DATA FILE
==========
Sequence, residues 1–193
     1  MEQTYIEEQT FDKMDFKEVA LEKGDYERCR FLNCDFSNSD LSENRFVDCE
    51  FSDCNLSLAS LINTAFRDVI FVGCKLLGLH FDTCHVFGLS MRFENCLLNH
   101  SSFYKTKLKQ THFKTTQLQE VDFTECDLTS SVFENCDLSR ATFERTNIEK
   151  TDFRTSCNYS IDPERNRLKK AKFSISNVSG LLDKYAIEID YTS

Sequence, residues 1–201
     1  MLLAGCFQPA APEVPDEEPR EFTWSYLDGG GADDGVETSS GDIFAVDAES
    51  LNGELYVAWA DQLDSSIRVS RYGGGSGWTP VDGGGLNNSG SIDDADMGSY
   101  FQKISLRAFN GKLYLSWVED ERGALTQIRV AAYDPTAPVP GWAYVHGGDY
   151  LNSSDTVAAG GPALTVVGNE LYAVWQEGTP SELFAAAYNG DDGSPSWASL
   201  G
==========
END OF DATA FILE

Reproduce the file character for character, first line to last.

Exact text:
Sequence, residues 1–193
     1  MEQTYIEEQT FDKMDFKEVA LEKGDYERCR FLNCDFSNSD LSENRFVDCE
    51  FSDCNLSLAS LINTAFRDVI FVGCKLLGLH FDTCHVFGLS MRFENCLLNH
   101  SSFYKTKLKQ THFKTTQLQE VDFTECDLTS SVFENCDLSR ATFERTNIEK
   151  TDFRTSCNYS IDPERNRLKK AKFSISNVSG LLDKYAIEID YTS

Sequence, residues 1–201
     1  MLLAGCFQPA APEVPDEEPR EFTWSYLDGG GADDGVETSS GDIFAVDAES
    51  LNGELYVAWA DQLDSSIRVS RYGGGSGWTP VDGGGLNNSG SIDDADMGSY
   101  FQKISLRAFN GKLYLSWVED ERGALTQIRV AAYDPTAPVP GWAYVHGGDY
   151  LNSSDTVAAG GPALTVVGNE LYAVWQEGTP SELFAAAYNG DDGSPSWASL
   201  G